Cabin etiquette: Why annoying kids matter
Learning from the more difficult people
It’s not all rainbows and sunflowers at camp
Now is the time of year when camp directors most often receive calls from parents about their child’s cabin placement. The days lengthen, the mercury climbs, thoughts turn to summer and anxiety ramps up.
This column is about cabin placement, but let me digress briefly and talk about anxiety. They’re connected. You’ll see. Every year in late March the American Camp Association holds its Tri-State Camp Conference. This is the largest annual gathering of camp directors in the world and my favourite. This because almost 4,000 camp directors come together to learn from hundreds of relevant experts.
Can you guess what the most popular topic was at the 2017 conference? Try. Anxiety. There was a session on camper and staff anxiety in almost every time block. Dozens of different sessions, same issue. Because anxiety stalks so many young people.
Which is not helpful to parents, whose anxiety ramps up in response to so many aspects of parenting. We worry about our kids’ physical safety. We worry bad guys will get them. We worry about dangers on the streets. We worry about abuse. We worry about bullying. And we worry about our kids’ relationships: Especially at this time of year when we can so easily indulge in the comforting (but false) illusion that we can help matters, socially speaking, for our kids, by getting involved in the cast list of their summer companions, whether it’s day camp or overnight camp.
Our own anxiety causes us to forget what Wendy Mogel so eloquently labelled “the blessing of a skinned knee.” The social equivalent of a skinned knee is the undesirable child in the cabin.
This is the child who’s bossy or impulsive or who gets easily frustrated and yells at other kids or who doesn’t quite get social cues so maybe gets in people’s personal space, or doesn’t get the joke, or their stories go on for too long, or they misinterpret things other kids say.
Years ago a very wise man said to me: “It’s much easier to get the cool kids to accept the nerdy kid than it is to get the nerdy kid to stop being nerdy.” I was borderline appalled, first at his use of such pejorative labels and second at his apparent pessimism.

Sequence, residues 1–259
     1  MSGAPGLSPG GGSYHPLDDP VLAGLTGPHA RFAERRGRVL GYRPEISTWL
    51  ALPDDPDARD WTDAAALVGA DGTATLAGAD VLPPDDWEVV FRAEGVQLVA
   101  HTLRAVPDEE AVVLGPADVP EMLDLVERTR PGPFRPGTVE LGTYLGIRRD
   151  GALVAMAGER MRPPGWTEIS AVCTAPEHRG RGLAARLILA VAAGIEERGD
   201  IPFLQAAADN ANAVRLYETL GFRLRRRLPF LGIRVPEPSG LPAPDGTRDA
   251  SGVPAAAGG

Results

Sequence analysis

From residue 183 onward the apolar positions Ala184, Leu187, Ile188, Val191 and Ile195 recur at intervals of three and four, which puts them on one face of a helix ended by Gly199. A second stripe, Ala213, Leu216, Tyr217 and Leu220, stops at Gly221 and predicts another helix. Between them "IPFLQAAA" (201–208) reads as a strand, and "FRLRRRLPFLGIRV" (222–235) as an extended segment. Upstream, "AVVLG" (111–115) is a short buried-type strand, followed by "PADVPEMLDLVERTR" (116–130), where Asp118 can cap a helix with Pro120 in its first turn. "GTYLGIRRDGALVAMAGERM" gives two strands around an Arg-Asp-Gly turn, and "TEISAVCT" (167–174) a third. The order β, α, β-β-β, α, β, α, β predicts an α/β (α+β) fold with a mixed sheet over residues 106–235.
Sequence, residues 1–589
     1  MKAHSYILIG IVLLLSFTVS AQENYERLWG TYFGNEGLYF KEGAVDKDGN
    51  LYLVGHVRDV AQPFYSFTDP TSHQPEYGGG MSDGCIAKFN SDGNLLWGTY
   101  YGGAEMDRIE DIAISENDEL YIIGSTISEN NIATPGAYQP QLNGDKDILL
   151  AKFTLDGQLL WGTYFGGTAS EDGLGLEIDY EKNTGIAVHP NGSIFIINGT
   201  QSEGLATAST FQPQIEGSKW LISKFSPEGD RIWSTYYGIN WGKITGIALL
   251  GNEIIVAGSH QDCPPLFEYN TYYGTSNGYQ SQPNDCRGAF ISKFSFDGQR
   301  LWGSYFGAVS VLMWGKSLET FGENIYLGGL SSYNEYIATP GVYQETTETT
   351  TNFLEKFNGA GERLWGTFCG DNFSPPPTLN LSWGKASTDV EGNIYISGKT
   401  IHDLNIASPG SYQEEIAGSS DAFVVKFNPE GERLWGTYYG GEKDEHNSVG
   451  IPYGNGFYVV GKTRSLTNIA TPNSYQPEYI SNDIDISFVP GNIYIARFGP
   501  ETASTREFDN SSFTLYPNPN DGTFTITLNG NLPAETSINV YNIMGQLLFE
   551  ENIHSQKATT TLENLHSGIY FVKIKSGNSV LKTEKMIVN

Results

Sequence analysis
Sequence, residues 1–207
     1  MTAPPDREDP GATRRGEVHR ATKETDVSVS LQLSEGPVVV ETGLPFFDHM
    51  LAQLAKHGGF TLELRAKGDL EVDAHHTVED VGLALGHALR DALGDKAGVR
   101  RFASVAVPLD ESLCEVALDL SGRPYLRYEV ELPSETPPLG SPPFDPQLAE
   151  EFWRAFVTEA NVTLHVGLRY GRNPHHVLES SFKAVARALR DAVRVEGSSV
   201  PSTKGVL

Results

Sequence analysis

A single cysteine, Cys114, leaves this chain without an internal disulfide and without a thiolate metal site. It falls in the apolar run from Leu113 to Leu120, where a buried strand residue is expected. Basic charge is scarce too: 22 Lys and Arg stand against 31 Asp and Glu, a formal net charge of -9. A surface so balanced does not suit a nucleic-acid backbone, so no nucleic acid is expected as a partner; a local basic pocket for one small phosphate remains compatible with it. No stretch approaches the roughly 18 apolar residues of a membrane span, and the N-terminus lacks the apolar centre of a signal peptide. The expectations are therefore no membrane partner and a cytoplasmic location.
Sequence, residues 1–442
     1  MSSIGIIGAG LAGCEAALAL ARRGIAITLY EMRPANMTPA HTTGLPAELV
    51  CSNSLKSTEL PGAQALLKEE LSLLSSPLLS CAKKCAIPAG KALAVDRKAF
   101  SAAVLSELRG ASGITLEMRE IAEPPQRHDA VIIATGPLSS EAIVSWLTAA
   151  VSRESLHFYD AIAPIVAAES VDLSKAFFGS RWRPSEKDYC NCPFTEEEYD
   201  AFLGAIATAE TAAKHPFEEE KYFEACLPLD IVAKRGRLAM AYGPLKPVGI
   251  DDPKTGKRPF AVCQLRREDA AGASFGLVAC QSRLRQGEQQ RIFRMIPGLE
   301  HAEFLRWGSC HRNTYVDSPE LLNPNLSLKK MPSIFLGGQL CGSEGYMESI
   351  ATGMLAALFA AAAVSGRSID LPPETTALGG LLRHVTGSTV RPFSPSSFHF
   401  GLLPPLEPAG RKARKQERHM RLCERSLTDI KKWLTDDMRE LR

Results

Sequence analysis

But now that I have 28 years of camp directing under my belt, I know the man was right. The so-called nerdy kids in the cabin are almost always the kids who struggle socially. They are pretty much always doing their best to fit in, desperately hoping to do so, and not quite managing.
These are the kids you don’t want in your son or daughter’s cabin. These are the kids you phone us about.
And these are maybe the most important kids to have in our kids’ cabins. Seriously. They add more than the cool, socially competent kids. Way more.
Think about it this way: Who do we learn from, the easy people in our lives or the more difficult people? From the latter group we learn patience and tolerance and kindness and empathy. If everyone around us were easy all the time, we’d lack for opportunity to learn those lessons.
In my family, we have conflict. I think that makes us normal. Oftimes the conflict is generated by somebody being a “bad actor,” a.k.a. annoying or difficult.
When someone starts complaining about that person, I always (being predictable and boring) say: “Oh yeah, that’s the annoying kid in your cabin. What do we do about the annoying kid?” And then I remind them about patience and tolerance and that not everybody is as socially competent as they are.
They usually hate this. Just like parents hate it when they call and ask me not to put “that kid” in their child’s cabin, and I do not comply.
Because “that kid” in the cabin awakens and calls upon our children’s compassion and patience. Can you think of any more important skills to manage our most important lifelong relationships, at work and at home?